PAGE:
The Telegraph (U.K.) publishes a striking story about Canada recruiting high-skilled British citizens.
Striking because the article does not even mention the United States.
Canada is planning to woo unemployed British graduates in order to compete more fiercely with Australia for skilled young expats.
Canadian immigration minister Jason Kenney will travel to London next week as part of accelerated efforts to tackle acute labour shortages in his home country.
In an interview with Telegraph Expat, Mr Kenney said he wants to convince UK graduates who may be struggling to find jobs in recession-hit Britain to “think Canada before you think Australia”. ...
Canada wants to attract young skilled migrants due to its ageing workforce and unfilled positions in areas such as in IT, engineering, welding and video games programming.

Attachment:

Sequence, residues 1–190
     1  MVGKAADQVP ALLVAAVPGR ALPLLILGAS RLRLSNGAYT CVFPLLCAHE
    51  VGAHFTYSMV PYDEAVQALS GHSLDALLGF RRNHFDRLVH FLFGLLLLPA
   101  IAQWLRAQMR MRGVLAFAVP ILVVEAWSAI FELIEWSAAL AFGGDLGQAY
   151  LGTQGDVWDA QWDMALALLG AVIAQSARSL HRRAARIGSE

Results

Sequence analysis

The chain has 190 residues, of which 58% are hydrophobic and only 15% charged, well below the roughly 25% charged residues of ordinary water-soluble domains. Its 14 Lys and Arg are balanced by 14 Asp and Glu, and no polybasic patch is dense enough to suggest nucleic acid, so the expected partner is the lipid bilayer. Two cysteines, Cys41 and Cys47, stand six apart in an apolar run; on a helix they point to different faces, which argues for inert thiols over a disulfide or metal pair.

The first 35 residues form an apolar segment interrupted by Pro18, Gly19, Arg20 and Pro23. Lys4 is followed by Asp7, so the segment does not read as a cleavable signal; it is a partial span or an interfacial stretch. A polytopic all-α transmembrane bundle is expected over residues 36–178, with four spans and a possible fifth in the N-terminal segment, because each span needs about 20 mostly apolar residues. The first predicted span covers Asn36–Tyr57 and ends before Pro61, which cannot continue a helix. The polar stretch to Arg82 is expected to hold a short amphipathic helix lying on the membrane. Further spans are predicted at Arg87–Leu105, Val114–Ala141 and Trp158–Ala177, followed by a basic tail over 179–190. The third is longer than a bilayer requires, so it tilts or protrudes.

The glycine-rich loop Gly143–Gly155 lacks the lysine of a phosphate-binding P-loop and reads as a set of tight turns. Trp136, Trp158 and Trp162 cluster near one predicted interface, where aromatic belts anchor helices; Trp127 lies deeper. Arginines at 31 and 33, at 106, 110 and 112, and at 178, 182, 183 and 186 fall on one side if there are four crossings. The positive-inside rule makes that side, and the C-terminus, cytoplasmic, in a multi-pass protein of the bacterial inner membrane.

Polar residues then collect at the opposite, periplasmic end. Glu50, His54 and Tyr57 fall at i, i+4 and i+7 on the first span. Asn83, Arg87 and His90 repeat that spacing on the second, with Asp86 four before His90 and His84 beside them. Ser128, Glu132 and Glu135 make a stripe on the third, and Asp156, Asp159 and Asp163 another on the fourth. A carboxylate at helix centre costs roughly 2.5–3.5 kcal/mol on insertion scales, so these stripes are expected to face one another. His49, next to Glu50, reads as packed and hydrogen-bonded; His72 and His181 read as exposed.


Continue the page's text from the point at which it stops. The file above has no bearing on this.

More from the George W. Bush Institute, "The U.S. Needs More Immigrants to Grow the Economy and Create Jobs":
What's really holding America back is the country's backward immigration policies. Currently, even high-skilled immigrants -- many of whom possess advanced degrees -- have trouble obtaining visas and green cards to work in the country. In 2010, almost 75% of green cards, which allow immigrants to reside in the country permanently, were given out to family members of current residents. Meanwhile, only 7% went to "work based" immigrants. Other countries understand that immigrants are vital to economic growth, and that's why the United Kingdom, Germany, Switzerland, and South Korea all distribute more than half of their available green cards to immigrants coming to work.
Not to mention Canada.
Motion to proceed to consideration of S. 744, #immigration bill, passes Senate by 84-15. Getting right into amendments.
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